How tech layoffs herald the shift towards an empathy-driven job market

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Over 260,000 tech jobs were cut in 2023, and the trend continues into 2024, even though other job areas are booming.

This wave of layoffs in the tech world is hinting at a bigger change in the job market that many are missing, according to Roland Rust from the University of Maryland’s Robert H. Smith School of Business.

Rust and his colleague Ming-Hui Huang saw this coming years ago. They wrote about it in 2018, backed it up with more research in 2019, and then laid out the whole scenario in their 2021 book, “The Feeling Economy: How Artificial Intelligence is Creating the Era of Empathy.”

Rust explains that as artificial intelligence (AI) gets better at doing the “thinking” jobs, humans will need to focus more on “feeling” jobs. These are jobs that require what computers can’t do (yet), like understanding emotions, being creative, and genuinely connecting with other people.

He gives an example of how jobs are already changing. Financial analysts, who used to spend their days crunching numbers, are now using AI for the heavy lifting and focusing more on building relationships with their clients.

Similarly, customer service has evolved; routine questions are now answered by AI chatbots, leaving the human reps to deal with more complex issues that require a human touch.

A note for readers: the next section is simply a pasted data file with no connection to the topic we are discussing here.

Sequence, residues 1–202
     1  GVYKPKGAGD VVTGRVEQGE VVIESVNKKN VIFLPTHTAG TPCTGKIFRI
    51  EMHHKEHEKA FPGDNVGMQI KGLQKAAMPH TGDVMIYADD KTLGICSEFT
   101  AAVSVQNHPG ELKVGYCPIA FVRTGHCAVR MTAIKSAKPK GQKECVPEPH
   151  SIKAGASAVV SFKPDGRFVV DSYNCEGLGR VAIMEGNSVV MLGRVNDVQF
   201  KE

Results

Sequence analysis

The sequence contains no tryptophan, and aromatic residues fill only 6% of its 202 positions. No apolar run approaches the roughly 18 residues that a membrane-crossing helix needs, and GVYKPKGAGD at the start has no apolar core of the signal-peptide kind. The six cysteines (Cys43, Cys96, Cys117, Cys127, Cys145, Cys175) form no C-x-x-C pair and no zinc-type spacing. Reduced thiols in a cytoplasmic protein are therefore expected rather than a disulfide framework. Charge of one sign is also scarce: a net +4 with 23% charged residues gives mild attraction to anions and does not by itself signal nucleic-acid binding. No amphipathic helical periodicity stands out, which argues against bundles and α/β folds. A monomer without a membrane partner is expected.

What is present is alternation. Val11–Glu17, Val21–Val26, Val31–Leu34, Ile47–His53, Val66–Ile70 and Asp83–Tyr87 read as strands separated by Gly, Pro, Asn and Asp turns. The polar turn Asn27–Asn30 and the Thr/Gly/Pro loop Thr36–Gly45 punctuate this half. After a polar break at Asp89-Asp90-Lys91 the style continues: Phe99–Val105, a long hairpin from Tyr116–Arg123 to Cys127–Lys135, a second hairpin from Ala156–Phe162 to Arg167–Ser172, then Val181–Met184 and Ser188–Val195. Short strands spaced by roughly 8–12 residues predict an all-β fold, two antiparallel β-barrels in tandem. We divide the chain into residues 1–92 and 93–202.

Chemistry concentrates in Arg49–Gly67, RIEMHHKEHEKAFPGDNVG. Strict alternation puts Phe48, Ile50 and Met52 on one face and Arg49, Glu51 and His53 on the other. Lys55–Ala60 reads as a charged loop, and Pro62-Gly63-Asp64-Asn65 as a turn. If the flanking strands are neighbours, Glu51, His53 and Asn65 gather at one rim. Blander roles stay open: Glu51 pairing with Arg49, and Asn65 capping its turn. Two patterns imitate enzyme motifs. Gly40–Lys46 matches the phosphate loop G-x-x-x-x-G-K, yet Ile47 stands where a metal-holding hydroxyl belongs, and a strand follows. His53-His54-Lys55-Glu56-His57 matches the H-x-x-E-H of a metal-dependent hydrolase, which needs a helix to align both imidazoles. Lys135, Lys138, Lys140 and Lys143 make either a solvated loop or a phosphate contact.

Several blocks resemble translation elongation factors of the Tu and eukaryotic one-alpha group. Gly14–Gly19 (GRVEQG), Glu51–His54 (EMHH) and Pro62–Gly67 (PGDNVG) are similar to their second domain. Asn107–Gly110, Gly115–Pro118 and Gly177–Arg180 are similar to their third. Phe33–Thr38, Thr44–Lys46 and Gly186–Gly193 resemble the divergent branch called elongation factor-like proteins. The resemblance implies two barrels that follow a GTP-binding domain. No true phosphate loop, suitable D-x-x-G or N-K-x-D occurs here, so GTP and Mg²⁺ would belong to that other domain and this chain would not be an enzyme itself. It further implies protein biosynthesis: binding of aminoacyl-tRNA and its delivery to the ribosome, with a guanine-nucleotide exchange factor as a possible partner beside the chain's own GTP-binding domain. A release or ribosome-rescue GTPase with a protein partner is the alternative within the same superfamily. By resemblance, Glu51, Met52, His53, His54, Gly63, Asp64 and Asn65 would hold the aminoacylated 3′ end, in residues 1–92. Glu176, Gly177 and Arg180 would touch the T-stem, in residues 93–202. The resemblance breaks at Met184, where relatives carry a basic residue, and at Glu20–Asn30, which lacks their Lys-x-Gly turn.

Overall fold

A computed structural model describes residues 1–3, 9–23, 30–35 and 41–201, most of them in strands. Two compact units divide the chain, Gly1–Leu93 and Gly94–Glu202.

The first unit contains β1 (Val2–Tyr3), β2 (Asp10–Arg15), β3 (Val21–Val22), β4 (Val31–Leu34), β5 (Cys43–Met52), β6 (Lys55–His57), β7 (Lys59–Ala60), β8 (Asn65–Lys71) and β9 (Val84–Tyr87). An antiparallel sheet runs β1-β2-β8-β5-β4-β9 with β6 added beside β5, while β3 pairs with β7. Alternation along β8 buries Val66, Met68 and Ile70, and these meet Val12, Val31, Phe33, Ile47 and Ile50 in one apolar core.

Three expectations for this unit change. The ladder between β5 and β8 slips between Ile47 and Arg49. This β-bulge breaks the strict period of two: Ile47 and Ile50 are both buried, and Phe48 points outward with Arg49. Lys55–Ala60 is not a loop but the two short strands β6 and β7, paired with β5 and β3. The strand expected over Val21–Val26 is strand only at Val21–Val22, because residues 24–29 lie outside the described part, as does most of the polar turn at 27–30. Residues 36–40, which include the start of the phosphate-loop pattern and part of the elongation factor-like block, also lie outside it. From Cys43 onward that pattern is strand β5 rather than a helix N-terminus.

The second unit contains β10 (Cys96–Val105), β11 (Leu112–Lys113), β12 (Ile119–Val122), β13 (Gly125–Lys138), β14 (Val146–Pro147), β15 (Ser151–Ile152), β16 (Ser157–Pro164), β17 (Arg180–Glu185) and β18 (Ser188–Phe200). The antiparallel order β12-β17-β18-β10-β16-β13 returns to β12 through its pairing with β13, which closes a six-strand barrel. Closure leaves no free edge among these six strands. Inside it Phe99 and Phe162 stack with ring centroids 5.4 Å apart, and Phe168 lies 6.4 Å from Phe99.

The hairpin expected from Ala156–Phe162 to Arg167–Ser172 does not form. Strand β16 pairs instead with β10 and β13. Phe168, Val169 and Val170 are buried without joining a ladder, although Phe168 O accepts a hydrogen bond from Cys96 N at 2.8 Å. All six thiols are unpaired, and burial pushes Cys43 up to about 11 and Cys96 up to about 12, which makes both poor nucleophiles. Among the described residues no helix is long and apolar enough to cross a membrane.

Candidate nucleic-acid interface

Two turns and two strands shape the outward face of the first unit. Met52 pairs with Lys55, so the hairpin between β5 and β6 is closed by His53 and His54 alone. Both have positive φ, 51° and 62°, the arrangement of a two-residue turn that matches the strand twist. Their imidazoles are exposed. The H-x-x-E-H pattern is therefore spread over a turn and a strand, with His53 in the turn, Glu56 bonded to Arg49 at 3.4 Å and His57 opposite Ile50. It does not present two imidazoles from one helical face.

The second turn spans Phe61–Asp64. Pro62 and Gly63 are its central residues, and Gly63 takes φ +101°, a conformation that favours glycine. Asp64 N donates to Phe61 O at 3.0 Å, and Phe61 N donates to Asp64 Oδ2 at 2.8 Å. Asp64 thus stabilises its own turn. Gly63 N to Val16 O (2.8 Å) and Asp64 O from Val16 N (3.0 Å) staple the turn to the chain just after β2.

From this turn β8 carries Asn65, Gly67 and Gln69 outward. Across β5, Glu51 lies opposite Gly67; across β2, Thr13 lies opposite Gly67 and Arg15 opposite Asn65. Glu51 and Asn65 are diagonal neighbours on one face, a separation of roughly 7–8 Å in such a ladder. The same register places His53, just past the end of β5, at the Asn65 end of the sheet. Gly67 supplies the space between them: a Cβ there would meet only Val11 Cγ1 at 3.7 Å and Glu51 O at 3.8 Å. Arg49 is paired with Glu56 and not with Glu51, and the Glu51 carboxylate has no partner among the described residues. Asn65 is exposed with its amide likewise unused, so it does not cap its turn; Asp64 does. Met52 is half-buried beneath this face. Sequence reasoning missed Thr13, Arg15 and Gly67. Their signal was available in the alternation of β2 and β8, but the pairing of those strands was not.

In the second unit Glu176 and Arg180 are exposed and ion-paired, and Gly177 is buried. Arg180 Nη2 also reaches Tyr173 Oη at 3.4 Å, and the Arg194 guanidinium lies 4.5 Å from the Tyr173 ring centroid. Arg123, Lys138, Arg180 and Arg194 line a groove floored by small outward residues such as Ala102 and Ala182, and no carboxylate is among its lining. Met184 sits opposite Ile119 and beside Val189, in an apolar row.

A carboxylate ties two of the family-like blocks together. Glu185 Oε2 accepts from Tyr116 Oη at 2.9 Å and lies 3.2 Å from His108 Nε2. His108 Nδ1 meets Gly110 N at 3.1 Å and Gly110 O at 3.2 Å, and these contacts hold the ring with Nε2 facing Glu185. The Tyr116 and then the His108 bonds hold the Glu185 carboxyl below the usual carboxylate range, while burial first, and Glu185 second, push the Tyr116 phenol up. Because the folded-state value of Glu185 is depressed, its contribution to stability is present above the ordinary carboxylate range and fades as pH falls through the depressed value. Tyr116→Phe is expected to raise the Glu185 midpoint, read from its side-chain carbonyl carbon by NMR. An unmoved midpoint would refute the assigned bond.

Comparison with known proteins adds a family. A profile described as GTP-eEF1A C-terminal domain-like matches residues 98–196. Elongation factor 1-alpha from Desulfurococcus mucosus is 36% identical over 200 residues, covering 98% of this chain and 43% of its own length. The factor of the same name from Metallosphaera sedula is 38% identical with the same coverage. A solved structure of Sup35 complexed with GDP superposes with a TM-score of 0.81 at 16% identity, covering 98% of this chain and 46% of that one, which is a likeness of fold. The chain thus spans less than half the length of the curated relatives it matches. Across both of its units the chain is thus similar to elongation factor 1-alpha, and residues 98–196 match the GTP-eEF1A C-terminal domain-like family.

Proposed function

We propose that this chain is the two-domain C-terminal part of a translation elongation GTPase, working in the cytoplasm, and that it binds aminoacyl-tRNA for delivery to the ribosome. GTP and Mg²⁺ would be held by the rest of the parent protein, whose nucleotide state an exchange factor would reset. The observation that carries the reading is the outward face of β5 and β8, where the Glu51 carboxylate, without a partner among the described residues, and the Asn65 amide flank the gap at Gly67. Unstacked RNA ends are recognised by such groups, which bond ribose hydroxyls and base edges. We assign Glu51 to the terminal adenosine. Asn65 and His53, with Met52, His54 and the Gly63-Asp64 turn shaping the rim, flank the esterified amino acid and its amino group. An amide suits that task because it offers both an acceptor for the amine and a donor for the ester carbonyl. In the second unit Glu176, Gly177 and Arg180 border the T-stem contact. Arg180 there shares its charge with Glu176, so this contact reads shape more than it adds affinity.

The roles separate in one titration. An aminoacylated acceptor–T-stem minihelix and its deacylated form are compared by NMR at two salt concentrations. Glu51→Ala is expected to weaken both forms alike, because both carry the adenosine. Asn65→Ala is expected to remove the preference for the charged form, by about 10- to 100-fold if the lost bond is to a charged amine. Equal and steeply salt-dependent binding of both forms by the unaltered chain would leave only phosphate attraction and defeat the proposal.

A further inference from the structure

This shift towards more emotionally driven jobs is not just a prediction; it’s happening now. Rust points out a story from The Washington Post about someone who left the tech field to study psychology, aligning perfectly with their predictions.

Rust argues that this shift means we should rethink education, too. Instead of pushing everyone into science, technology, engineering, and math (STEM), we should also value and teach people skills, which are becoming more important than ever in the workplace. Google’s own research found that the key to success at their company wasn’t STEM skills but rather people skills.

In summary, the rapid improvement of AI is not just changing the tech industry; it’s transforming the entire job market. As thinking jobs are replaced by machines, the jobs that require a human touch, empathy, creativity, and emotional intelligence—the essence of the “Feeling Economy”—are becoming more crucial.

Rust’s message is clear: in a world run by machines, being human is more valuable than ever.

Source: University of Maryland